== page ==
Changes are hard.  I'm definitely not one to embrace change.  Six years worth of memories replaced by one giant change in a few months will be shocking even to trend-chasers.  But we are a resilient people.  We are tackling the changes of a rapidly growing girl who is beginning to exhibit emotional changes without cause, though I'd like to blame it on hormones.  We are struggling with the frustrations of a little boy who seems to take everything personally, even his own blunders and mistakes.  These changes make the Path of Parenting situated on a bed of nails at times.  But we'd no doubt walk on the bed of nails just to be able to get our kiddos through such tough times.  The optimist in me likes to think that it's these challenges that make the memories all the fonder.  The pessimist in me wants to travel back in time to save that hill in our not-technically-own backyard.


But I know we'll be okay.  We'll roll with the changes as they come, together.

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So, Dear Backyard, since there's no going back, I'll look forward to peaceful days, a lower utility bill, and new neighbors ahead.  A family will be living on top of a lot of beautiful memories.  Lucky peeps.  

Sincerely,
Me


8 comments:

  1. What a lovely ending - A family will be living on top of a lot of beautiful memories. I love all the seasonal photographs and all the memories made. Those wildflowers sure are beautiful! Hope the new neighbors are wonderful additions to your lives.

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    1. When they put up the black tarp around the property 2 weeks ago, I knew what was coming. I was so sad that I knew I had to write about this. And I also had so many great pics of the kiddos on this plot of land anyway, so I had to document our memories somehow. Really good neighbors are hard to come by, but it doesn't stop me from hoping! Thanks, Lisa!!

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  2. I can't help but think if the lot next to our building was undergoing a similar change, that I'd never be able to leave our house, because Gavin is so enamored with all things construction. EXCAVATOR! And that would be the end of it. =)

    I hope the construction process is as non-invasive into your lives as can be ... and this change turns out to be something really wonderful for you and your family!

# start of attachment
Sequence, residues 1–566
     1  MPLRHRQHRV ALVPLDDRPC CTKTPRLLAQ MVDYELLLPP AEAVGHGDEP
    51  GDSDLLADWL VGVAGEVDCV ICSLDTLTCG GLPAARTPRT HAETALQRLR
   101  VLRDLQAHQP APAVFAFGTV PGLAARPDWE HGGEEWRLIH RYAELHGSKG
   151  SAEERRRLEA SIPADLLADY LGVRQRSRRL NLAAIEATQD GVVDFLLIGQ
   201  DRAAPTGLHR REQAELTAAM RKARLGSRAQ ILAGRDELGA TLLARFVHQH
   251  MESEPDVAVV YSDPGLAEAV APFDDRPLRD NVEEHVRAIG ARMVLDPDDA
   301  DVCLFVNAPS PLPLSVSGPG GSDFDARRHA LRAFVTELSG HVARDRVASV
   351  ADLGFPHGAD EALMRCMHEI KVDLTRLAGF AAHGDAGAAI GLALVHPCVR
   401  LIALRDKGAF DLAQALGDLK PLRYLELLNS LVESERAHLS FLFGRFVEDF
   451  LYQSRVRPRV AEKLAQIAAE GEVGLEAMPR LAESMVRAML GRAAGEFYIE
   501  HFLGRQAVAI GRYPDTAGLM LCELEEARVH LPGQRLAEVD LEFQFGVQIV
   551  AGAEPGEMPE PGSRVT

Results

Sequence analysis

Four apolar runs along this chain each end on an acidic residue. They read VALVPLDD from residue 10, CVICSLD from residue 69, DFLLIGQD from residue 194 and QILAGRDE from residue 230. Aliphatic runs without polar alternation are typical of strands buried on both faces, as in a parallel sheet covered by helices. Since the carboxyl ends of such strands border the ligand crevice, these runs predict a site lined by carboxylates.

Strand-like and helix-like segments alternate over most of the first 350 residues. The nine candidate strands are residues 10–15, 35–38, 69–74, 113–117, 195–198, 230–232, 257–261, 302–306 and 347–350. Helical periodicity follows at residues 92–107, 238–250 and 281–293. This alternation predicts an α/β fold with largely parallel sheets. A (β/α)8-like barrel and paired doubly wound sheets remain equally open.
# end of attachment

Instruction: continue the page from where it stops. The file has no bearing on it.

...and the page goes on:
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    1. Hi, Nilsa, I'm understanding why Gavin would be so interested at construction sites, because it's fascinating to watch the progress. They were just putting up the structures to pour concrete for the basement walls and BAM! the next thing I knew the walls are done and everything has been cleared out. It's quite amazing. As to invasive-ness, there's lots of banging and noises in the early mornings, but that's about it so far. We'll live. :) And you're right--it could lead to something really wonderful. Backyard playmates could be a great start!!

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  3. I admire your ability to excavate the positives out of this (sorry about the building verb, but I couldn't resist :)) I would be so disappointed in losing the feeling of wide open space that I think it would take me longer to accept what would be no more.

    What's funny is that when I saw the first picture of the hole, I thought you were getting a swimming pool! (That's what summer digging means in Arizona, though I've never had (nor do I want) a pool.

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    1. Haha, Janna, that's a good one! Excavate! Well, we knew it was coming. It was just a matter of time. I took more pics of the hill this spring than usual, and for some reason, the wildflowers looked especially pretty this season. I think the kiddos are most sad about the end to our sledding fun back there, but we did go to a public park with a great big hill for sledding this past winter, and they had so much fun that I know they'll live. I don't think I'd ever want a swimming pool; it's just too much work and too costly, not that we could even afford one anyway. It'll be nice when the entire community is done with construction, that's for sure! :)

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  4. How nice you had so much space to use for so many years. Good luck with the new neighbors--I hope they're friendly.

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    1. So many years of 3 empty lots in a row! And guess what? All three are in construction now, all IN A ROW. Lucky us and the noise times three now... Thanks, Asianmommy for the good luck--we'll need it. :)